Monday, March 21, 2011
BEFORE YOU ACT
Your well-meaning act of kindness or assistance may not always be appreciated. Don't be offended. Don't complain. Don't rant or throw a tantrum. What you say may speak volumes--not about others, but about you--and you may not like it. What seems to be necessary to you--what seems like a terrific idea--may not be the least bit important to others. It may be even less impressive if it is not carried out to their satisfaction.
You can see a supposed need, but the manner in which you fulfill it may fly in the face of another person's practices, customs, plan, wishes, wants, preferences, or ability to act.
Don't be alarmed if the very thing you think needs to be done immediately, can be tolerated--UNDONE--by others for days on end--or never tackled at all. Sometimes it's best to be satisfied with a job well done and forget all about the awards ceremony you're secretly looking for.
Finding out that what you have done isn't appreciated or acknowledged shouldn't cause you to stop being thoughtful, helpful or considerate, though. If everything you do is in the hopes of some kind of pay off, perhaps it would be a good time to explore what real charity is all about.
How you behave at the end of a matter reveals whether or not it was worth the effort. It also exposes your reasons for embarking on a task in the first place.
If you do WHATEVER you do "heartily as unto the Lord", His pleasure will always be foremost in your mind as you act. It won't matter whether what you have done is liked or applauded-- or not.
Always examine your motives. Ask yourself WHY you do what you do. Be honest. Sometimes, it may surprise you to find out that what you think is a simple act of kindness, is really a cry for attention, approval, accolades or acceptance. Sometimes your actions are judgment in motion. Do you do a thing because it is required, or to highlight that it has gone undone, and indict others for their inactivity? Are you subconsciously trying to motivate or force someone else to do it? Are you trying to keep an old tradition or pattern of behavior alive? Are you just restless, bored, unfulfilled and NEED to be busy? Are you not being affirmed when, where and by whom it counts most? Are you just making unnecessary plans and work for yourself which leads to further insecurity, and even more futile schemes designed to get the pat on the back that you so desperately need?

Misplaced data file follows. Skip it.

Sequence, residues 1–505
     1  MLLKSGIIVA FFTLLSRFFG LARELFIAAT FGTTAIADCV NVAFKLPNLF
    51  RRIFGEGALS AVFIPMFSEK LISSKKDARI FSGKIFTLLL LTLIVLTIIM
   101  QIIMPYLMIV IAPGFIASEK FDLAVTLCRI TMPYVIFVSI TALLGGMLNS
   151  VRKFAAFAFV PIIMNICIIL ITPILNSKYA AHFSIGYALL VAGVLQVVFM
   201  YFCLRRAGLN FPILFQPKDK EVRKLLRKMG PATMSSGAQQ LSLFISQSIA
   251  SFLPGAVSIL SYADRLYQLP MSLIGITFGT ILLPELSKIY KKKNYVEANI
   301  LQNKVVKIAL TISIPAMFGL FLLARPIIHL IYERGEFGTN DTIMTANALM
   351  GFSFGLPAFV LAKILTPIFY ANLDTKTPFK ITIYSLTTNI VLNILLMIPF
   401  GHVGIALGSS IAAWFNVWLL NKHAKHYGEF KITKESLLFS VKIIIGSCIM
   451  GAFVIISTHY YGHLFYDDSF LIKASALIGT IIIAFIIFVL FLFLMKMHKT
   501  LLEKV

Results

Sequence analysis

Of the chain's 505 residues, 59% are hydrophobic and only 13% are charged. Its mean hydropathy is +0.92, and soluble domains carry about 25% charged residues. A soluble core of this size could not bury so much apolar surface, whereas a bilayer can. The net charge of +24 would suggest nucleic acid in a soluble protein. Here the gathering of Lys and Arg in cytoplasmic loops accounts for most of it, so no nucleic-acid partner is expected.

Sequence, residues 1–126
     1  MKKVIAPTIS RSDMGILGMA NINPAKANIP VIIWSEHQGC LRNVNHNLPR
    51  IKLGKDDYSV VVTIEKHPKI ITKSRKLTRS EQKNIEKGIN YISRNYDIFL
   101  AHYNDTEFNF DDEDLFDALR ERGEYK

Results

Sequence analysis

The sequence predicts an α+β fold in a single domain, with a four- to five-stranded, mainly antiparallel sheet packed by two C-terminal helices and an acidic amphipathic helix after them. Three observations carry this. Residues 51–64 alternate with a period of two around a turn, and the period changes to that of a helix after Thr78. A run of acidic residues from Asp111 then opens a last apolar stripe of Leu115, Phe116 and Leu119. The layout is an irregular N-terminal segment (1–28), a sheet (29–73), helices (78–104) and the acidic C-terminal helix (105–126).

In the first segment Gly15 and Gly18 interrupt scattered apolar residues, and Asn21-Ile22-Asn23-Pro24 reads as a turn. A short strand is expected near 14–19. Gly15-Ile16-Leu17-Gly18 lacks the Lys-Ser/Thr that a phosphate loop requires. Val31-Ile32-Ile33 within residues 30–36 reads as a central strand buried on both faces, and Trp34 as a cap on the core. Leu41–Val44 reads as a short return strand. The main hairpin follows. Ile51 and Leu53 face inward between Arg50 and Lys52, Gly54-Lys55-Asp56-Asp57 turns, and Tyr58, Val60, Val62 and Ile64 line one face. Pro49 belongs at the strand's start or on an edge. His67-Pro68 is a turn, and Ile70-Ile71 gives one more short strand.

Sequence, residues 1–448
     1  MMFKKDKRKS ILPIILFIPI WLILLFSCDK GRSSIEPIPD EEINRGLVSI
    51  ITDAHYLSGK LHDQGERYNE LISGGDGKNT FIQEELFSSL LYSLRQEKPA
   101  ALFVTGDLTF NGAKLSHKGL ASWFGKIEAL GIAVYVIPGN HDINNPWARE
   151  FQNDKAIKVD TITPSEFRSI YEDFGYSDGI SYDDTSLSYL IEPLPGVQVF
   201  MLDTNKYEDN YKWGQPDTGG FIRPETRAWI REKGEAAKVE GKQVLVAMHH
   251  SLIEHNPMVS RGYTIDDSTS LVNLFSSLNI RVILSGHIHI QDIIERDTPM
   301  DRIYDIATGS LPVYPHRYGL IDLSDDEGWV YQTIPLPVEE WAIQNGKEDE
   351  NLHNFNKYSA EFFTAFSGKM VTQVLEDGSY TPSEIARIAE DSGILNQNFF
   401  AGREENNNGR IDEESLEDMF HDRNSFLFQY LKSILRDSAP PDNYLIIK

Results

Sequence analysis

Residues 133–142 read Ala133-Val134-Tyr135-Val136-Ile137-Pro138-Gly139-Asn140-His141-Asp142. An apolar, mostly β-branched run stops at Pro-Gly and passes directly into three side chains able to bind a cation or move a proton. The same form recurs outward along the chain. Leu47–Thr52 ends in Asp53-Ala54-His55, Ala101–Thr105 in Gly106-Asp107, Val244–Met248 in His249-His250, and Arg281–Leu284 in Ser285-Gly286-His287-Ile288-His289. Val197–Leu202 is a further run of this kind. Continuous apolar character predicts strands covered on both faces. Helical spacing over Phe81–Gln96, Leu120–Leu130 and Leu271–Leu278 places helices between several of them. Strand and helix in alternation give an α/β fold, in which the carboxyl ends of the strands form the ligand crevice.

Decide whether others are not doing enough, or you're doing WAY too much. Decide whether what you do is saying less about what others are NOT doing, and more about your own condition. Decide whether your energy could and should be exerted elsewhere. Sometimes busy-ness and constantly creating work for others is telling more than you want to actually reveal. Sometimes it says more about what is NOT happening, than what IS happening.
It's so important to "Love effectively". It cuts down on your OWN frustration when you love and do for people, the things that they will ACTUALLY appreciate and embrace, instead of wearing yourself out doing things YOU think they SHOULD want.
Lamenting about what you've done, how long it took, how much it cost, how difficult it was, and how exhausted you are afterward, can be prevented by not convincing yourself that what you're doing is of a critical nature when it really isn't. Some things don't HAVE to be on your plate--you should just admit that you want or need them to be. Be advised that they have the potential to choke you, cause you indigestion, or require tedious clean-up.
In your need to make work for yourself, you can't get mad if others sit back and watch you work--especially when they didn't sign on for the job. There's a difference between seeing a need and fulfilling it, and creating a crisis, demanding that others drop what they're doing to help, and freaking out when others aren't eager to embrace the drama. Some people have declared a moratorium on being stressed out by stressed out people. If you're going to do a thing, be prepared that you may be doing it alone--and be okay with that.